The Resurgence of Roger Federer

Tennis - Monte Carlo Masters
Tennis – Monte Carlo Masters – Monaco, 15/04/2016. Roger Federer of Switzerland plays a shot to Jo-Wilfried Tsonga of France .

Roger Federer has been playing tennis professionally since 1998. That is the year I was born. All of memories I have, everything that’s made me who I am, have come in those fourteen years. Since 2003, which was the year I started school, Federer has been winning grand slams and ATP 1000s, breaking records, and generally becoming the greatest tennis player of all time.

This is an absurdly long career. Pete Sampras retired after fourteen years, Andy Roddick after fifteen. However, Roger Federer does not look on the way to retirement any time soon. Having won the Australian Open in January, which was his first grand slam title since beating Andy Murray in the 2012 Wimbledon final, it could maybe have been seen as a fluke. He hadn’t played a single competitive match since last year’s Wimbledon semi-final loss, two of his main rivals in the form of Murray and Djokovic had been eliminated in the earlier rounds. He was playing against Rafael Nadal; how could the old Federer not resurface?

But then last weekend, at Indian Wells, he bested Stan Wawrinka – a three times grand slam champion – to win the title. This is Federer showing he has figured out how to beat his old rival Nadal while also being able to adapt to the developing game in Wawrinka – who isn’t exactly young, but has found much of his success in the last five years or so.

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As you can probably see, Federer is in no shape to retire any time soon. So how on earth did he do this? How is has he reached the point where he will most likely play his twentieth year on the ATP world tour next year?

I have an idea that I’ve been contemplating for a while. For years, Federer was saying that he was going to retire after the Rio 2016 Olympics. With Murray beating him in 2012, you could understand why he might want to have another shot at that. He was turning thirty-six at that the time of this year’s Olympics, so if he kept himself in shape he’d have a reasonable shot at checking Murray and Djokovic’s egos at the point where they’d be taking over dominance of the game from him.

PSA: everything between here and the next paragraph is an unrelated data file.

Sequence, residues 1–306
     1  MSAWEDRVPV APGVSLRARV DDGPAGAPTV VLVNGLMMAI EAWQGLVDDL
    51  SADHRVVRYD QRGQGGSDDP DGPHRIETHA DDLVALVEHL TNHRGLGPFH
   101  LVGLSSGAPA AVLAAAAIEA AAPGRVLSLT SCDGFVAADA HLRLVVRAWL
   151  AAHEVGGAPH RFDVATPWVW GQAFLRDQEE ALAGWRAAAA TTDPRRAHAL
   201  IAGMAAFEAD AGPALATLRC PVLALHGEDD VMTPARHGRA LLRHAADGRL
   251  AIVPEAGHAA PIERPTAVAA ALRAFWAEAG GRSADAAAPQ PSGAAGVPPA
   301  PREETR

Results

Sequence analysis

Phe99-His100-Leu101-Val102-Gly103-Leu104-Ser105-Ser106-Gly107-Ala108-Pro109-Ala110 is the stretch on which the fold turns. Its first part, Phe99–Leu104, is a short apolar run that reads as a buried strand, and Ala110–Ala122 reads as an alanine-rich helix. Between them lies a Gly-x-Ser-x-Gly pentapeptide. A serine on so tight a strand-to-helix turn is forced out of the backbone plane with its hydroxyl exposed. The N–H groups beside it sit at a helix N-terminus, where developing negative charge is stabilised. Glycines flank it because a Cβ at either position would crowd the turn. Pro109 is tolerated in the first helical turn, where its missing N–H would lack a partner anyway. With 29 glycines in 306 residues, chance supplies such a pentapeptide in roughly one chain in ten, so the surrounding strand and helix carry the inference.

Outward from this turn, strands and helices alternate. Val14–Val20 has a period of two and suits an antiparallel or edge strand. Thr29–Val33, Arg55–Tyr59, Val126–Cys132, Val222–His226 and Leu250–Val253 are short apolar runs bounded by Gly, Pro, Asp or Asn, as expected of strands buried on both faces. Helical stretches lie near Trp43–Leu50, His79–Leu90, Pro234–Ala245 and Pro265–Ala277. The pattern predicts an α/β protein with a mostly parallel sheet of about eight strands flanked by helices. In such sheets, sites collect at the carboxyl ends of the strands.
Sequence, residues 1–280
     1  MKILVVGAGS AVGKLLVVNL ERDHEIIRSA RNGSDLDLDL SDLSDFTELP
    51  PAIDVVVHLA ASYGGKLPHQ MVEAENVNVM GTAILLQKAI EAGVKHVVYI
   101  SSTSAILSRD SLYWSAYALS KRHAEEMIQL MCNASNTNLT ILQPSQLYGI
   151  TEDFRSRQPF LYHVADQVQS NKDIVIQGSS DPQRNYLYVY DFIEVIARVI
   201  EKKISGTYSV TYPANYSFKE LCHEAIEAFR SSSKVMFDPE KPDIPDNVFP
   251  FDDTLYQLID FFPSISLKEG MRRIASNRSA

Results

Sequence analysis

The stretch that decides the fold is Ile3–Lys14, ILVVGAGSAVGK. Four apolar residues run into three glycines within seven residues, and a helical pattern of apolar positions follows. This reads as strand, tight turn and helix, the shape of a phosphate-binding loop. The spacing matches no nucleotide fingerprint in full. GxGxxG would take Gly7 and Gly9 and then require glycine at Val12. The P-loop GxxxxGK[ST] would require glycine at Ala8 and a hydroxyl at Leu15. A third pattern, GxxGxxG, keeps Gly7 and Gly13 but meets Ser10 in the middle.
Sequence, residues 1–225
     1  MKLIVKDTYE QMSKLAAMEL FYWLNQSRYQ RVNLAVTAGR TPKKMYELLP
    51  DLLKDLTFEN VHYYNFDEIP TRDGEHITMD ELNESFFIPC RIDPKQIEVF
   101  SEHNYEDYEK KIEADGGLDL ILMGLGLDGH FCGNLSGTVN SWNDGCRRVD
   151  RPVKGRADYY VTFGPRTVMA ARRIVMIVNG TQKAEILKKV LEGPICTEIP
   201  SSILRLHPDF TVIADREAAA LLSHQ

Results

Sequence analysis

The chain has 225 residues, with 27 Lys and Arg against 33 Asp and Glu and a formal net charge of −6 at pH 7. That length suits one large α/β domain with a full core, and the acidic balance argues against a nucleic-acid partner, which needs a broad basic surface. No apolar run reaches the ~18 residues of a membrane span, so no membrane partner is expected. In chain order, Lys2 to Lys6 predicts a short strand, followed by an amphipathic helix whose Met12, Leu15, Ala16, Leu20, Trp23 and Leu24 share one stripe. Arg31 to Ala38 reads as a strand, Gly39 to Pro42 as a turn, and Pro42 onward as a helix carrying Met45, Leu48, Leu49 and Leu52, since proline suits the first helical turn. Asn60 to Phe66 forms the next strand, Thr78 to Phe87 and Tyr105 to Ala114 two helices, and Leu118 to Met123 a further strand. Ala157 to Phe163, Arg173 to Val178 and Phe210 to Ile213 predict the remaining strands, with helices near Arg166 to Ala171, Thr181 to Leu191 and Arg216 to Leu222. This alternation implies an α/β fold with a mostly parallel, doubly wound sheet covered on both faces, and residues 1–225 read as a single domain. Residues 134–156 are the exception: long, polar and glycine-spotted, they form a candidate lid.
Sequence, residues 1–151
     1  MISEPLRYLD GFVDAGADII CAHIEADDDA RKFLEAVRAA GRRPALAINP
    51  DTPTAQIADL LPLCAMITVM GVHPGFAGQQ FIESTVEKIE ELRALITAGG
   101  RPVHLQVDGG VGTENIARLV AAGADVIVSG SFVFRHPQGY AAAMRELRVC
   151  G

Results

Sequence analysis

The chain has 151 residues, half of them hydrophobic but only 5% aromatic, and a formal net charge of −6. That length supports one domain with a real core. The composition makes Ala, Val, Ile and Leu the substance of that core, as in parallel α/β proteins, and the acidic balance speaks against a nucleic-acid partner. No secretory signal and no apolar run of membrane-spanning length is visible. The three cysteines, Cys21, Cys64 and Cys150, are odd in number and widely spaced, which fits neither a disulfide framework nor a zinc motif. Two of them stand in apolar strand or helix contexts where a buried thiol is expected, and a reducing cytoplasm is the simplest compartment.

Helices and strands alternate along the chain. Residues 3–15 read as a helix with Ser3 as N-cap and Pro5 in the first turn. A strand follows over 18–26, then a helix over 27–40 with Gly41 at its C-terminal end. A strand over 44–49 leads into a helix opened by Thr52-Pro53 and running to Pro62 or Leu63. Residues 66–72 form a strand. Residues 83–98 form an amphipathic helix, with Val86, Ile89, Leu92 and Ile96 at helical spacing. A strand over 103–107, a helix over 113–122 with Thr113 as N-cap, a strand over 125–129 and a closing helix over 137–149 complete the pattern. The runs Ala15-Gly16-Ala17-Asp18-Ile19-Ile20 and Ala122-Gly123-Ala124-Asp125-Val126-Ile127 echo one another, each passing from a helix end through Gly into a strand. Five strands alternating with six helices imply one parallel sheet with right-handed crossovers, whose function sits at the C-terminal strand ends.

So you’d think, therefore, that maybe he’d be up for having one last shot at the Olympics and then if his knee was messed up, at least he’d gone out in a blaze of glory. But he held off. He said in an interview that if he intended to play a few more years, and he did, then he couldn’t put any more stress on his knee. He probably won’t make it to the next Olympics – although his career is already incredibly improbable. He gave that up for the potential of titles that are less well known than the Olympics but equally valuable to a professional tennis player, like Indian Wells.

I am hugely impressed by this. It is unsurprising that a thirty-six-year-old has shown such maturity, but you never quite know what it’s like inside a professional sportsperson’s mind. He’s won everything it’s possible to win. He’s got all the glory he’s ever going to get. But he still wants to win for as long as he can. He has been winning grand slams since I started education and I think, if he stays in this mindset, he might still be winning by the time I’m finished.

Joanne Ferguson

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